Fortune Favours the Bold

McKinsey & Co draw lessons from prior global disruptions to help consumer/retail companies remain flexible and resilient through the COVID19 crisis. (Here I extract what might be of use to PSE by analogy.) Top-quintile companies after the 2008 recession outperformed by building operational efficiency and agility during the downturn, cutting expenses 3x as much, reallocating resources, building a flexible/WFH workforce, providing compelling customer experiences, and divesting their non-core assets. They recommend rethinking structure and hierarchy from the ground up, streamlining processes and simplifying organizational structure. The integration and coordination of traditional and digital operations should be a priority, investing in technology and PD, and putting the customer first with an “omnichannel” mindset. (While they also recommend embracing automation, education is ranked at the bottom of all sectors for automation potential based on demonstrated technology to date.) Agile, cross-functional teams and empowered front-line staff can accelerate decision-making and approval processes and make an organization more responsive in times of change. McKinsey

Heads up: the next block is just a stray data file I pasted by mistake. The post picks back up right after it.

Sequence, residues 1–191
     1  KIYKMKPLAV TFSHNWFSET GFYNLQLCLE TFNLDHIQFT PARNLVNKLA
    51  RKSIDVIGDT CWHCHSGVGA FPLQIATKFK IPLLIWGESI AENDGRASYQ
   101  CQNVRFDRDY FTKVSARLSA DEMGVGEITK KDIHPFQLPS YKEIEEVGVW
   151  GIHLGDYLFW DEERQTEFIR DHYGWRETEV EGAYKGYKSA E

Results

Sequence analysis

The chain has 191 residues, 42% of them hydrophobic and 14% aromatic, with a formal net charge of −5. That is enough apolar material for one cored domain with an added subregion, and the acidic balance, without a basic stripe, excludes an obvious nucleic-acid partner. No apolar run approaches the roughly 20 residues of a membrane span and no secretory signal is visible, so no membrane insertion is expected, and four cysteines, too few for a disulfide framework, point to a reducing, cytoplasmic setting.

“The organization should set bold aspirations that represent a step change in performance, as typical, incremental aspirations will not be enough to deliver results in the next normal.” – McKinsey

No Turning Back

In ordinary times, we could say that strategy and pedagogical innovation don’t necessarily have to involve technology. But the pivot to online delivery and WFH, and the likelihood that this public health precautions will continue into 2022, mean that technology inevitably will be key…

No Turning Back from Online

2020 is a turning point for online ed, as colleges were forced to pivot to online delivery and in the process legitimized a mode of learning that has traditionally appealed primarily to graduate and mature student markets. Mega-universities like Arizona State, Western Governors, and Southern New Hampshire are scaling up their already-massive operations with 100,000 students or more. Grand Canyon U has 80,000 online students who subsidize the 22,000 on campus. uArizona and Purdue have recently bought struggling online colleges. Smaller institutions are partnering with OPM companies like 2U, Pearson, or Wiley. The Minerva Project is licensing its learning system and technology to traditional institutions. “This is like the point of no return,” as students and faculty start growing more comfortable with online and blended delivery. “Even if you’re on campus, you’re going to be online.”  World Economic Forum

Instability in the EdTech Boom

With the abrupt pivot to online learning, edtech companies have been swamped with exponentially greater demand for their services. 70% gave away or discounted their offerings this spring, and those without a solid revenue model have been unable to scale their infrastructure and personnel to keep up. Half of the $803M invested in the sector this year has poured into just 6 companies, including MasterClass, Udemy, Niche, and ClassDojo. Two-thirds of companies report they are 6 months away from a cash-flow crisis. And of course their customers – school districts, colleges and universities – are battling deficits and trimming budgets. Analysts expect a wave of acquisitions.  Ozy

Corporatizing Credentials